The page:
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Roller Skating Craze and the Freedom to Participate

In the 1880’s, a roller skating craze prompted the openings of rinks in central New York for recreational skating for the public as well as exhibitions by professional skaters. According to NYS’s civil rights statute of 1873, all races were guaranteed equal access to public venues. In fact, depriving equal admission was a misdemeanor punishable by a $150 fine. Yet in 1884, this law faced racism’s challenges at skating rinks in Norwich and Owego. African Americans in those villages were determined to defend their freedom and equality that resulted in two divergent legal outcomes.

In Norwich on Friday, June 13, residents were anxious to attend the new roller rink’s grand opening at the Wilson Opera House. In spite of the law, co-proprietor Calvin King left instructions at the ticket booth to bar admission of blacks. Excluded were George Breed, William Wycoff, Charles Robbins, and others—a few accounts also name Hannibal Molson and Thomas Randall, two of the region’s leading civil rights activists. The New Berlin Gazette succinctly summarized the next act in this racial drama. On June 16, there was a widely attended “indignation meeting” at the African Methodist Episcopal Zion Church which was chaired by Rev. Loren (1) T. Rogers whose words captured the assemblage’s emotions and anger. He declared that not since “darkest days of slavery no such outrage had been perpetrated in Norwich.” Wycoff and Robbins were appointed secretaries. Molson then inspired the audience with a reading of the 1873 law. Finally, the group adopted resolutions including one that contended that they appointment “a committee to consider the propriety of instituting legal proceedings against the management.”

The unnamed committee members recommended a legal course of redress, and Robbins, a local constable, arrested King on a complaint from Randall, according to Greene’s The Chenango American on July 3. After the grand jury’s indictment, his trial strategy in court of sessions was examined by historian David McBride. First, counsel maintained that the 1873 statue was “unconstitutional and void” because it compelled owner(s) of private property for use by blacks. Second, “the rink owner argued that according to [another court ruling] he could refuse to serve blacks as long as he did not deprive this group of establishing similar rinks of their own.”(2)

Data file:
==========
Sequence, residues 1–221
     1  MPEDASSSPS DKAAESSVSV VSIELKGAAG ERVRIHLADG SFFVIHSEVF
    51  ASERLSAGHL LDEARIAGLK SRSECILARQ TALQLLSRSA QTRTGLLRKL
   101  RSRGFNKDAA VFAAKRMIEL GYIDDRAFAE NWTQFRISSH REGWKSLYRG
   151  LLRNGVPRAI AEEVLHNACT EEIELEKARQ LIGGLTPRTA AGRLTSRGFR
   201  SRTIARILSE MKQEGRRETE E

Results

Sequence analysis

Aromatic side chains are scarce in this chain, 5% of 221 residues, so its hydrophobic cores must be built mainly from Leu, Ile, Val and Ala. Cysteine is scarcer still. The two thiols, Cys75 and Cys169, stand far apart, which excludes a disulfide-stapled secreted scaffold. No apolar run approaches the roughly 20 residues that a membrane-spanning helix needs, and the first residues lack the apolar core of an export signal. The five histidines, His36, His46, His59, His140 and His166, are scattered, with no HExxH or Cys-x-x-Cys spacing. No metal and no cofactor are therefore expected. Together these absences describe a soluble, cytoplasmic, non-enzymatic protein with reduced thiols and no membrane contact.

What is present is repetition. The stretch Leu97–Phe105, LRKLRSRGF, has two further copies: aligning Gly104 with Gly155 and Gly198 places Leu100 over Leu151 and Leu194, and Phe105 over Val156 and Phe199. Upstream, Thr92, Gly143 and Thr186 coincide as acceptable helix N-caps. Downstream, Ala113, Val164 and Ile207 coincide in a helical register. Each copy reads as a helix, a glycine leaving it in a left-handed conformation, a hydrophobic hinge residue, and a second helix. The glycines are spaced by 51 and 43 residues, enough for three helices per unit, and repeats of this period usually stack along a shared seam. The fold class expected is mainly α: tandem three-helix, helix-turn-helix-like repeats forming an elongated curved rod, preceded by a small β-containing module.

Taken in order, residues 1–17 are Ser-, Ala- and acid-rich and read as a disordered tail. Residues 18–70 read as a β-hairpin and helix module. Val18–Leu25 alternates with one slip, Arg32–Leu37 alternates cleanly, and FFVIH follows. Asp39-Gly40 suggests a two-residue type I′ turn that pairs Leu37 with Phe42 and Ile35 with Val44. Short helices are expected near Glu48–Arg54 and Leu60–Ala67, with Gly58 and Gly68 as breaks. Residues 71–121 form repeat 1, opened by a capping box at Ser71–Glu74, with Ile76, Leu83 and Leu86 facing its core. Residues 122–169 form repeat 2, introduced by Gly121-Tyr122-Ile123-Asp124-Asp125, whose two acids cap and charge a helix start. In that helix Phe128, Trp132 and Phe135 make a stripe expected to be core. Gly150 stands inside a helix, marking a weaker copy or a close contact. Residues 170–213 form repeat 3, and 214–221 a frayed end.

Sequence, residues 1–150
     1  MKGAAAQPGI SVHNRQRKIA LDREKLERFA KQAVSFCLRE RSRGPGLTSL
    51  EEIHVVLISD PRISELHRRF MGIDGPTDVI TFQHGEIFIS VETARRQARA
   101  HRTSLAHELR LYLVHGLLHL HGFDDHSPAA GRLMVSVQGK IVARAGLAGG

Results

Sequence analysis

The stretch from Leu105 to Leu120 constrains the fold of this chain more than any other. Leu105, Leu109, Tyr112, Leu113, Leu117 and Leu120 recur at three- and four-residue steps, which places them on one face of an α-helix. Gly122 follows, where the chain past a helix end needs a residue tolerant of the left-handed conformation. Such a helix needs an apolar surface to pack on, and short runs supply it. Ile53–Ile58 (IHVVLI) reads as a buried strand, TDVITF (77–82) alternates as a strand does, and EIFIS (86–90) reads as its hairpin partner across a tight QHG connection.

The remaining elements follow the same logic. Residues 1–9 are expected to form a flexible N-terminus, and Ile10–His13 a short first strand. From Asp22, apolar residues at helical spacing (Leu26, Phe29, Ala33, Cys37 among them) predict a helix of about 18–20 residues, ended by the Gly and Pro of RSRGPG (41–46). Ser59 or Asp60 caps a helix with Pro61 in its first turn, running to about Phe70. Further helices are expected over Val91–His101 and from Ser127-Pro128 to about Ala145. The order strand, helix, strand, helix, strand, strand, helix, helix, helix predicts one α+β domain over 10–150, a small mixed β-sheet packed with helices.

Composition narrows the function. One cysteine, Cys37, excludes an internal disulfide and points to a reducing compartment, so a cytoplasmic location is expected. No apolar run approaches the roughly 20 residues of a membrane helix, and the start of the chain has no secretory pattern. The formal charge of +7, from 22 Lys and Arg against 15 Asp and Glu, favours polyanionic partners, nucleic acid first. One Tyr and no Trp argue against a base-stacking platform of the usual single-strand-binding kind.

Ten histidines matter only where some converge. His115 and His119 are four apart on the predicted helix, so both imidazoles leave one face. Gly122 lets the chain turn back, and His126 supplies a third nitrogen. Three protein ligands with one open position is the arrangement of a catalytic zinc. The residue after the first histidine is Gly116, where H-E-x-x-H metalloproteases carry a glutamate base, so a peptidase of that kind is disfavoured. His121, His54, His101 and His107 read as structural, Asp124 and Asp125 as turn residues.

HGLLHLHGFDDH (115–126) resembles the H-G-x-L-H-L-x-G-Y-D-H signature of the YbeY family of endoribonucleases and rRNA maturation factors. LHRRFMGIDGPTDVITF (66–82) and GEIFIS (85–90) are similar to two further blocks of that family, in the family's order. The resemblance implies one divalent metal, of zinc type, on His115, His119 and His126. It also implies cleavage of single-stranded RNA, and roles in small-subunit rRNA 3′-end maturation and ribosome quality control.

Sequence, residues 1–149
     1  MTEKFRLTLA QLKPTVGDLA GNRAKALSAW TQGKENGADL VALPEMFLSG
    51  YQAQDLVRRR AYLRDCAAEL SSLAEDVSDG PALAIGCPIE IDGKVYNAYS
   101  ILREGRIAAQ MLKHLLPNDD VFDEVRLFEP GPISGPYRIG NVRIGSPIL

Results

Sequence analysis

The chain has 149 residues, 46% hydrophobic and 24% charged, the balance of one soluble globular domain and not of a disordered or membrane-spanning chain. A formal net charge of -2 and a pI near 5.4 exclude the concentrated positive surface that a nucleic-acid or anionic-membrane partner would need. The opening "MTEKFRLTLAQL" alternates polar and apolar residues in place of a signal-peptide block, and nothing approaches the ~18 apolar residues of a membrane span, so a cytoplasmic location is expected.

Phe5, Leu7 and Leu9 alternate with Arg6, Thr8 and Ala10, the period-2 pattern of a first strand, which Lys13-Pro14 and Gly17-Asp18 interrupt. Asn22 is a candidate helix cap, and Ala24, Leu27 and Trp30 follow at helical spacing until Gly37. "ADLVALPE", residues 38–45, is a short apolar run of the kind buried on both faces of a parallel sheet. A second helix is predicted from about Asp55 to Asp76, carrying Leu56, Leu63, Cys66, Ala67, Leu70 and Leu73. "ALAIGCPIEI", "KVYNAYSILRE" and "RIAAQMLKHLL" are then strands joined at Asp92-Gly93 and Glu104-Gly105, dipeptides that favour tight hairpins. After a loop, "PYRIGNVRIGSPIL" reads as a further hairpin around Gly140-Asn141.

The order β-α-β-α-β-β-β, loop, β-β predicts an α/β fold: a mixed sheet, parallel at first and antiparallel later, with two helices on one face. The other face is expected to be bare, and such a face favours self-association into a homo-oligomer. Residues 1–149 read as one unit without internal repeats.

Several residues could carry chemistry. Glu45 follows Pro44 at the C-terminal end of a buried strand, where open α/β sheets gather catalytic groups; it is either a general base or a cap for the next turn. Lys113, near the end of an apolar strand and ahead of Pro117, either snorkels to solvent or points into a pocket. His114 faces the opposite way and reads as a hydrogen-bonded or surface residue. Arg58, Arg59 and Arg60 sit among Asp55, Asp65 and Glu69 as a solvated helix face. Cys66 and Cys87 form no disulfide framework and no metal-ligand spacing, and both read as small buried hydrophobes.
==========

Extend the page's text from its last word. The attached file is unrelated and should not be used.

King was found guilty and fined starting with a trial in Chenango County Court later in the year but he appealed. In early 1889, New York’s Court of Appeals affirmed King’s conviction. Research does not show whether, or when, blacks could skate at the Opera House. Owego’s civil rights case ended much quicker.

Unlike the situation in Norwich, admission tickets were purchased by local blacks at the door of the new rink in Owego on June 26. The group which included Enoch Spaulding, Lincoln White, Mr. and Mrs. Peter G. Kennedy, and John Williams attempted to put on the skates but the manager, Melvin Compton stopped them. He stated that his rules prevented them from skating, and offered to refund their money whereupon Messrs. Kennedy and Williams put on the skates, and skated until closing without incident. According to the Owego Evening Blade the next day, the manager had stated that “his objections to having a colored man skate was not personal, but simply to protect his patrons who might have such objections.” Later, Compton would suggest that the banning of blacks was the same as barring “objectionable women.” But would blacks be barred the following night for being “objectionable?”

Compton awaited a potential confrontation with black civil rights activists on June 27 but while they sought admission to the rink, they did not adopt a confrontational posture. Compton was adamant—he would not admit Kennedy and Williams at all while other members of the group agreed to be admitted into the hall but not the rink. According to The Owego Gazette (3), “Mr. Compton is willing that colored people shall enter the hall as spectators, but says he will resist any further attempts on their part to go upon on the floor. The law is without question on his side….” According to the Blade’s coverage of these events on the 28th, “Manager Compton announced that he was ready for a test case….,” and that was the next step.

On July 19, the Blade reported on Compton’s arrest based on the 1873 law on a warrant pursued by Francis M. Spaulding — apparently misidentified on June 26 as his relative, Enoch—but unlike a month earlier in Norwich, there was no indignation meeting, although the black community must have been in an uproar. Compton was released on bail until his court appearance on July 23 when there was a surprise. Again, the Blade provided the details—Compton was given a choice of court settings of either the Court of Special Sessions apparently without action by the grand jury, or the County Court of Sessions where he would “answer and stand trial upon whatever may be prepared against him by the grand jury.” Compton was released on bail to await the grand jury’s action the following September. The Compton Case ended when the grand jury refused to indict the rink manager, and Spaulding’s complaint was dismissed. Grand jury proceedings are secret, and there was no speculation in the Blade on this decision. At this point, it cannot be determined if, or how, race relations in Owego were addressed concerning the skating rink after the grand jury’s inaction.

The events in Norwich and Owego in 1884 aptly illustrate W. E. B. Du Bois’ assertion that “the North had never been thoroughly converted to the idea of Negro equality.”4 In two small towns in central New York in 1884, though, African Americans showed their resolve in their struggle for equal rights.

This article was originally published on 1/11/18 on

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